Oecologia

, Volume 165, Issue 1, pp 153–159 | Cite as

Extracts of the invasive shrub Lonicera maackii increase mortality and alter behavior of amphibian larvae

  • J. I. Watling
  • C. R. Hickman
  • E. Lee
  • K. Wang
  • J. L. Orrock
Plant-Animal interactions - Original Paper

Abstract

Water-soluble phytochemicals produced by invasive plants may represent novel elements of invaded ecosystems that can precipitate a variety of direct and indirect effects on native organisms. Phenolic compounds in particular are a common plant defense, and these compounds may have disproportionate impacts on amphibians compared to other taxa. We coupled an exploration of invasive plant extract effects on larvae of four amphibian species (the salamander Ambystoma maculatum, the toad Anaxyrus americanus, and the frogs Hyla sp. and Lithobates blairi) with behavioral observations designed to determine whether behavior can ameliorate the negative effects of exposure to invasive plant extracts. Larvae were reared in extracts of the widespread invasive Amur honeysuckle (Lonicera maackii), mixed native leaf litter, and a water control. Anaxyrus americanus tadpoles reared in L. maackii extracts were more likely to die than tadpoles reared in native extracts, but differences in mortality following rearing in native and exotic extracts were not significant for the other three species. Anaxyrus americanus and L. blairi tadpoles made more trips to the surface in L. maackii extracts than in native extracts, consistent with the hypothesis that exotic extracts may interfere with respiratory physiology and suggesting that L. blairi can behaviorally ameliorate the negative effects of L. maackii extracts. Our study highlights both a direct and indirect pathway by which invasive plant extracts may alter the ecological dynamics of native fauna.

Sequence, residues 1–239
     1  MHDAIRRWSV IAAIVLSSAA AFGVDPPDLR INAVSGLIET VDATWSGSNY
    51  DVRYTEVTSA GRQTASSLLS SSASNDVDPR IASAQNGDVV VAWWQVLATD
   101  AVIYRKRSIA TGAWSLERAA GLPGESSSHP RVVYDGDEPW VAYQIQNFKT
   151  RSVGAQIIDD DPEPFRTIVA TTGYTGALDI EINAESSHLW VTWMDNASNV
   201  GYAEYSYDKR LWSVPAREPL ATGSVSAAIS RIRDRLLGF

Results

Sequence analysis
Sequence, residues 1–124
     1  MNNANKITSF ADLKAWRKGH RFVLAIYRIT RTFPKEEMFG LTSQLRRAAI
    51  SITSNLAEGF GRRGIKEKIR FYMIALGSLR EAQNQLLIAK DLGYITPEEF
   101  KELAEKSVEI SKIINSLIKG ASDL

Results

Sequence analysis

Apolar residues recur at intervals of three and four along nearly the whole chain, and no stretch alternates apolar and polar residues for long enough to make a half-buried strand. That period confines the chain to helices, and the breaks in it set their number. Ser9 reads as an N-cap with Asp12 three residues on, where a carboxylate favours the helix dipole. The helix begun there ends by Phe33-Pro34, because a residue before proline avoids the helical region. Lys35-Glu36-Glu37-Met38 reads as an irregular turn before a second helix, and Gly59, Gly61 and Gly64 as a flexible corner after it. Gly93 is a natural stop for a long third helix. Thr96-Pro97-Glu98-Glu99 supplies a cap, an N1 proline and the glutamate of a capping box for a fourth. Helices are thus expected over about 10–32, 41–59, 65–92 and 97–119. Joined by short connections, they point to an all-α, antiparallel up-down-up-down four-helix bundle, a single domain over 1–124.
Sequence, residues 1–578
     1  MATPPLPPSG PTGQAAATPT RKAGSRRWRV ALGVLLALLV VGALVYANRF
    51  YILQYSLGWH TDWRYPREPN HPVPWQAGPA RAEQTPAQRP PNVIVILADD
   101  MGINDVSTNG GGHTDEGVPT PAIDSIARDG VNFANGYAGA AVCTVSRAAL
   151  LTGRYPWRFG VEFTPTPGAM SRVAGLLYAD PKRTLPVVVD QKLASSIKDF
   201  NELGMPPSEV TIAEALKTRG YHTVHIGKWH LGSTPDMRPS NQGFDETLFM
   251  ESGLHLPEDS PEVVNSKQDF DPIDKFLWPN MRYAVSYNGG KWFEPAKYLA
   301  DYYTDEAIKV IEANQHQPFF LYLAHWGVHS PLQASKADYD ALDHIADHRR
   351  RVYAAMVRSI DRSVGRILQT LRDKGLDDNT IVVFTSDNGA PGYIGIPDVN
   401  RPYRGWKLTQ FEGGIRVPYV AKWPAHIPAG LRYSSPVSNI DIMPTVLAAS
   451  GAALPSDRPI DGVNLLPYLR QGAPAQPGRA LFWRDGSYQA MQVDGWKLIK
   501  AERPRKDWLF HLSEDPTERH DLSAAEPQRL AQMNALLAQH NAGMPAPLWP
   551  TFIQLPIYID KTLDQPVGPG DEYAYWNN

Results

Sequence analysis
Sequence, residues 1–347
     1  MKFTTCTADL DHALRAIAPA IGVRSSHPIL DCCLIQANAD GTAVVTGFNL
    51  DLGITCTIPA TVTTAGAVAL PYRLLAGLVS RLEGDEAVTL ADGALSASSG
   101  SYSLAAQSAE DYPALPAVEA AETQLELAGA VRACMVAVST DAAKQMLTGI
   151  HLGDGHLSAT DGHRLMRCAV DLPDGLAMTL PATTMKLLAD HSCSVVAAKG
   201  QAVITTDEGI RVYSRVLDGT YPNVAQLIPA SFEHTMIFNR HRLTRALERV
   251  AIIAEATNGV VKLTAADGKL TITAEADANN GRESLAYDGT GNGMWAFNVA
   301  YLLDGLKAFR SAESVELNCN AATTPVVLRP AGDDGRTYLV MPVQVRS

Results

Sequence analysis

Keywords

Allelopathy Invasive species Missouri Respiration Tadpoles 

References

  1. Bartuszevige AB, Gorchov DL, Raab L (2006) The relative importance of landscape and community features in the invasion of an exotic shrub in a fragmented landscape. Ecography 29:213–222. doi:10.1111/j.2006.0906-7590.04359.x CrossRefGoogle Scholar
  2. Brooks RT, Hayashi M (2002) Depth-area-volume and hydroperiod relationships of ephemeral (vernal) forest pools in southern New England. Wetlands 22:247–255. doi:10.1672/0277-5212 CrossRefGoogle Scholar
  3. Brooks ML, D’ Antonio CM, Richardson DM, Grace JB, Kelley JE, DiTomaso JM, Hobbs RJ, Pellant M, Pyke D (2004) Effects of invasive alien plants on fire regimes. Bioscience 54:677–688. doi:10.1641/0006-3568 CrossRefGoogle Scholar
  4. Brown CJ, Blossey B, Maerz JC, Joule SJ (2006) Invasive plant and experimental venue affect tadpole performance. Biol Invasions 8:327–338. doi:10.1007/s10530-004-8244-x CrossRefGoogle Scholar
  5. Canhoto C, Laranjeira C (2007) Leachates of Eucalyptus globulus in intermittent streams affect water parameters and invertebrates. Int Rev Hydrobiol 92:173–182. doi:10.1002/iroh.200510956 CrossRefGoogle Scholar
  6. Cipollini D, Stevenson R, Enright S, Eyles A, Bonello P (2008) Phenolic metabolites in leaves of the invasive shrub, Lonicera maackii, and their potential phytotoxic and anti-herbivore effects. J Chem Ecol 34:144–152. doi:10.1007/s10886-008-9426-2 CrossRefPubMedGoogle Scholar
  7. Clesceri LS, Greenberg AE, Eaton AD (1998) Standard methods for the examination of water and wastewater, 20th edn. American Public Health Association, Washington D.C.Google Scholar
  8. Cooke AS (1971) Selective predation by newts on frog tadpoles treated with DDT. Nature 229:275–276CrossRefPubMedGoogle Scholar
  9. Crooks JA (2002) Characterizing ecosystem-level consequences of biological invasions: the role of ecosystem engineers. Oikos 97:153–166. doi:10.1034/j.1600-0706.2002.970201.x CrossRefGoogle Scholar
  10. Cutway HB, Ehrenfeld JG (2009) Exotic plant invasions in forested wetlands: effects of adjacent urban land use type. Urban Ecosyst 12:371–390. doi:10.1007/s11252-009-0088-9 CrossRefGoogle Scholar
  11. Dorning M, Cipollini D (2006) Leaf and root extracts of the invasive shrub, Lonicera maackii, inhibit seed germination of three herbs with no autotoxic effects. Plant Ecol 184:287–296. doi:10.1007/s11258-005-9073-4 CrossRefGoogle Scholar
  12. Harkey GA, Semlitsch RD (1988) Effects of temperature on growth, development, and color polymorphism in the Ornate Chorus Frog, Pseudacris ornata. Copeia 1988:1001–1007CrossRefGoogle Scholar
  13. Hickman CR, Stone MD, Mathis A (2004) Priority use of chemical over visual cues for detection of predators by Graybelly Salamanders, Eurycea multiplicata griseogaster. Herpetologica 60:203–210CrossRefGoogle Scholar
  14. Hutchinson TF, Vankat JL (1997) Invasibility and effects of Amur Honeysuckle in southwestern Ohio forests. Conserv Biol 11:1117–1124CrossRefGoogle Scholar